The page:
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Rick Barot Named NER’s New Poetry Editor for Fall 2014

Categories: News & Notes

As many of our online readers already know, at the end of this summer NER’s poetry editor C. Dale Young will be leaving his post after nineteen years on our masthead. His last issue as poetry editor, due out in October, will feature 20 poems he selected over the years and highlight the range of work and joy of discovery he brought to the magazine. C. Dale began reading poetry for NER as a medical student in the mid-nineties, C-Dale-photo-2014continued on as associate editor, and then became poetry editor in 2000. We have been incredibly fortunate to have had such a passionate and discerning editor selecting work for our pages for so many years, and we salute C. Dale for his versatility, reliability, and dedication. We will miss him in ways we can’t yet imagine!

But we are equally fortunate to be able to announce that our new poetry editor will be Rick Barot. Rick is not only an accomplished poet but he is also a devoted reader and teacher of poetry with wide-ranging taste and vision. He served as a reader for NER for a number of years, in between publishing his poetry and essays in our pages. (Read his most recent essay, The Image Factory.) He begins as poetry editor in September.

Rick has published two books of poetry with Sarabande Books: The Darker Fall (2002), which received the Kathryn A. Morton Prize, and Want (2008), which was a finalist for the Lambda Literary Award and won the 2009 Grub Street Book Prize. He has received fellowships from the National Endowment for the Arts, the Artist Trust of Washington, the Civitella Ranieri Foundation, and Stanford University, where he was a Wallace E. Stegner Fellow and a Jones Lecturer in Poetry. His poems and essays have appeared in numerous publications, including Poetry, The Paris Review, The New Republic, Ploughshares, Tin House, The Kenyon Review, Virginia Quarterly Review, and The Threepenny Review. He lives in Tacoma, Washington, and teaches at Pacific Lutheran University, where he is also the director of The Rainier Writing Workshop, PLU’s low-residency MFA in creative writing. Sarabande will publish his third book of poems, Chord, in 2015.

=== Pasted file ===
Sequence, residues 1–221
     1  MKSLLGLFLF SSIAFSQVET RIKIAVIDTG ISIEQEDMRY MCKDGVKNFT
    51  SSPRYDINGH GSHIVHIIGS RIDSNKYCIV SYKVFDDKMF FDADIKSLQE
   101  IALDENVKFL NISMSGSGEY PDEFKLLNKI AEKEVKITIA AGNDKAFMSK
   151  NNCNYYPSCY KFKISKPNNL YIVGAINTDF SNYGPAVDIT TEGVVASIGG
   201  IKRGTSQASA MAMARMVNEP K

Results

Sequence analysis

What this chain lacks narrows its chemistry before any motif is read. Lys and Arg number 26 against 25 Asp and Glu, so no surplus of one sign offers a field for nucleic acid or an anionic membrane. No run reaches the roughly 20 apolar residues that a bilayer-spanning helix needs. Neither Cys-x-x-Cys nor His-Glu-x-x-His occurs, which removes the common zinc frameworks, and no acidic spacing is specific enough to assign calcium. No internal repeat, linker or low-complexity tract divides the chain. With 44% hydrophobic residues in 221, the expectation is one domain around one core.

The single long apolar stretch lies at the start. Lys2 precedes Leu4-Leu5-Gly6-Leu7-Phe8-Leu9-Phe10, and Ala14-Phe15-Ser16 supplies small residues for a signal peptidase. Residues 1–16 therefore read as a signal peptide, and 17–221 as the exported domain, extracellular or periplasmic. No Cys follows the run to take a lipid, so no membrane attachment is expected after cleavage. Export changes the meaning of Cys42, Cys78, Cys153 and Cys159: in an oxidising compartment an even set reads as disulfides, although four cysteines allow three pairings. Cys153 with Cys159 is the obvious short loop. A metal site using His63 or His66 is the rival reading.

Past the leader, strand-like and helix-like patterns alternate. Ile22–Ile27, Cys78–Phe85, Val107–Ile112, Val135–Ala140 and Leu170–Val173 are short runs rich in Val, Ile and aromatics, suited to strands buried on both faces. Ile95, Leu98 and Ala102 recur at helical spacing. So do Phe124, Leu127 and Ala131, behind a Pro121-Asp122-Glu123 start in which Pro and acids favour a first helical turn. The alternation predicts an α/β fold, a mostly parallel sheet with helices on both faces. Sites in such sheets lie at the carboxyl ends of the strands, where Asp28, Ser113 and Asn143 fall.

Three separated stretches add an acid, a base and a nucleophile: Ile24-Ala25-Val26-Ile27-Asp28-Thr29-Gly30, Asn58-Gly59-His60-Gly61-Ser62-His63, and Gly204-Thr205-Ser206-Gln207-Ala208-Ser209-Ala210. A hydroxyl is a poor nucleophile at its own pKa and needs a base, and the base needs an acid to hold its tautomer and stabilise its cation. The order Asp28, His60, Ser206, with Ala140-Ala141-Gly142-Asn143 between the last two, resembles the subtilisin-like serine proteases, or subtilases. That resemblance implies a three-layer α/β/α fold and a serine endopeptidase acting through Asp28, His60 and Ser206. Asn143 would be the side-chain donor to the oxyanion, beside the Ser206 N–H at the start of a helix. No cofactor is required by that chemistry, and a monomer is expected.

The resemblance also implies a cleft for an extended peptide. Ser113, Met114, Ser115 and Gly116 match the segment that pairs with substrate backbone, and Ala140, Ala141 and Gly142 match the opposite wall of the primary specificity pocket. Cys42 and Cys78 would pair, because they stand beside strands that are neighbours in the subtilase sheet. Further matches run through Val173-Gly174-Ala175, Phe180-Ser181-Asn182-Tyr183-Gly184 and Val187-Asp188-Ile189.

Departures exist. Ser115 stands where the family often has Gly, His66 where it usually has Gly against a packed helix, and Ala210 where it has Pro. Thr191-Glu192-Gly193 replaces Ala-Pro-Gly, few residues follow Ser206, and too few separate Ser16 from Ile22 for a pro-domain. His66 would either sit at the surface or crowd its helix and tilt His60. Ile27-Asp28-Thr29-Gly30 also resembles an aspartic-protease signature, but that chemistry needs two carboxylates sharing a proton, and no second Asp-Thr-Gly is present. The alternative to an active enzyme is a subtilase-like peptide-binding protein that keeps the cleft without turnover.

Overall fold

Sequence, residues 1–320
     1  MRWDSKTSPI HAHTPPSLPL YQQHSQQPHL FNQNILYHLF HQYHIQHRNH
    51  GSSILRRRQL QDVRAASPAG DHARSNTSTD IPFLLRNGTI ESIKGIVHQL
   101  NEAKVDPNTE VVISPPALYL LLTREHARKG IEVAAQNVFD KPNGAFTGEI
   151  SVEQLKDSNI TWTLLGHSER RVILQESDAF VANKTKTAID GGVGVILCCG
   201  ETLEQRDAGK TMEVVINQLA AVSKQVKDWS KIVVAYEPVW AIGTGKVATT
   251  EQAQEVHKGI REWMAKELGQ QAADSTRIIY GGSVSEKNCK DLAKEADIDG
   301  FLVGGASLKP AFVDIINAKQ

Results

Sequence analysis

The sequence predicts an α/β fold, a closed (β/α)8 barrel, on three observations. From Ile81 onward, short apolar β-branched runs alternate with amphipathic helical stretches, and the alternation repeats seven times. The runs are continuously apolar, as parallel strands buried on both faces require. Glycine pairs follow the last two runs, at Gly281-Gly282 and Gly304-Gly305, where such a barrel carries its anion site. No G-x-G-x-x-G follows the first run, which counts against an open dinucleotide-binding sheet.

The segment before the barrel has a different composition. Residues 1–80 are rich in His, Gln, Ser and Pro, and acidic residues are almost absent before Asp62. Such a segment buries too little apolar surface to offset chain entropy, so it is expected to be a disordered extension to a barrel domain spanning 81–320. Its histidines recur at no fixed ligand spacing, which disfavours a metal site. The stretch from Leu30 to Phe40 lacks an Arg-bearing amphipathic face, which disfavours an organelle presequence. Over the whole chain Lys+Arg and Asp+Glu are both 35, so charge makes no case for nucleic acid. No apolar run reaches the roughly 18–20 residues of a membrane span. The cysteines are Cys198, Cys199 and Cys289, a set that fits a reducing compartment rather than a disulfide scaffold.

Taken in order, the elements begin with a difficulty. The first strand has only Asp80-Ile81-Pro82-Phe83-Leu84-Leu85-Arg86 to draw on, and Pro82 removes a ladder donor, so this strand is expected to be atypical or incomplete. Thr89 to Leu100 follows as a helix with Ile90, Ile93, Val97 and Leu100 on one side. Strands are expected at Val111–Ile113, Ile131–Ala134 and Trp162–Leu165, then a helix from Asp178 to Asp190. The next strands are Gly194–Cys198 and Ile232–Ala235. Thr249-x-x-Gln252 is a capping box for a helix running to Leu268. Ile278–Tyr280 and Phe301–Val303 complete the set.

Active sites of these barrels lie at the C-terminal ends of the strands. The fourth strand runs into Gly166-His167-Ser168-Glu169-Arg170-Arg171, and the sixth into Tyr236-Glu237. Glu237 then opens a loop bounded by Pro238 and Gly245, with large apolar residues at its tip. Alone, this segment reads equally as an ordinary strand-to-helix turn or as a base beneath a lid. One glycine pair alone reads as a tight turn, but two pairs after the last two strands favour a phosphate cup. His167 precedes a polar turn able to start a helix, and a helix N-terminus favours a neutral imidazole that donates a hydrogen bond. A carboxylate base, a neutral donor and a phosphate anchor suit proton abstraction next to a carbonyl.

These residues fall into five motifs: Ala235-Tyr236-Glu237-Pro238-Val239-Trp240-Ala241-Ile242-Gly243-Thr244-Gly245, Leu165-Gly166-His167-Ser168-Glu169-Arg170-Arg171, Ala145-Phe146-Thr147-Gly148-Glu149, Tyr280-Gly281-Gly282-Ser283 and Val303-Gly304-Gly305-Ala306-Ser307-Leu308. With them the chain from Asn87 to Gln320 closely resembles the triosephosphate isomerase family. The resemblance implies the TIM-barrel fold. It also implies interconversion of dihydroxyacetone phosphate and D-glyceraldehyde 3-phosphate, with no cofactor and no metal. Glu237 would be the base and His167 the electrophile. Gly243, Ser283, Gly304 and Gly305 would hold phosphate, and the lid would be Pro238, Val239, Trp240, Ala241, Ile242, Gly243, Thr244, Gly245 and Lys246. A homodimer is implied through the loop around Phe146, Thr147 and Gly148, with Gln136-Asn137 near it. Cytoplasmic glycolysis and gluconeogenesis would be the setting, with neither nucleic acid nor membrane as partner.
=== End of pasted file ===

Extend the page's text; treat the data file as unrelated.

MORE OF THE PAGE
We look forward to working with Rick in his new role, and to bringing our readers an ambitious and exciting selection of poetry in the issues to come.

New Books: The Best of the Best American Poetry

Categories: NER Authors' Books, NER Community

This special edition of the Best  American Poetry series celebrates twenty-five years of publication. Guest editor Robert Pinsky chose 100 poems from prior years to include in this anniversary edition anthology, including a poem by our own C. Dale Young. Publishers Weekly writes, “No doubt, some readers will discover new favorites here.”

C. Dale Young has published three books of poetry and is the Poetry Editor for NER.

The Best of the Best American Poetry is available on Amazon and other booksellers.

NER’s C. Dale Young selected for 2012 Guggenheim Fellowship

Categories: News & Notes

C. Dale Young

Big congratulations to C. Dale Young, NER’s Poetry Editor, on his 2012 Guggenheim Fellowship in Poetry!

NER contributor Christian Wiman, Editor of Poetry magazine, was also awarded a Guggenheim Fellowship this year.

Read more about this year’s Fellows at Jacket Copy.

Jennifer Grotz Selected for NPR’s Top Five

Categories: NER Authors' Books, NER Community, News & Notes, Poetry

For NPR, Gregory Orr chooses Jennifer Grotz‘s new collection, The Needle, as one of five best poetry books of 2011 in “Truth and Beauty: 2011’s Best American Poetry.” (Grotz’s poems “The Fog and “The Forest” appear in the current issue of NER.) Orr also recommends NER poetry editor C. Dale Young’s book Torn, because, as Orr writes, “no critic can refrain from recommending more books than he’s supposed to.”

One of the few things almost everyone can agree on about contemporary American poetry is that no one can agree on much. At present, poetry is a jumbled landscape, with no single, dominant style and few living figures whose importance is accepted in more than one or two of the art form’s tiny fiefdoms. Although some might find this state of affairs discouraging, I think there’s good reason to be optimistic — poetry often needs to undergo periods of confusion to achieve the clarity for which we’ll later remember it. Here are five books that suggest that even if American poetry isn’t entirely sure where it’s going, that doesn’t mean it’s gotten lost.

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